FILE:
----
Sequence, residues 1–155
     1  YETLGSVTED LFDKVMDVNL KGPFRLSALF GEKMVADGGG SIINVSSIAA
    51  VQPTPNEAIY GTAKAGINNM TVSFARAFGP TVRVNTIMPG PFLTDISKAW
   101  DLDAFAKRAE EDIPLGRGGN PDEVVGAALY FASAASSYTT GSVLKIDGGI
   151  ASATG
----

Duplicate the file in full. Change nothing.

Sequence, residues 1–155
     1  YETLGSVTED LFDKVMDVNL KGPFRLSALF GEKMVADGGG SIINVSSIAA
    51  VQPTPNEAIY GTAKAGINNM TVSFARAFGP TVRVNTIMPG PFLTDISKAW
   101  DLDAFAKRAE EDIPLGRGGN PDEVVGAALY FASAASSYTT GSVLKIDGGI
   151  ASATG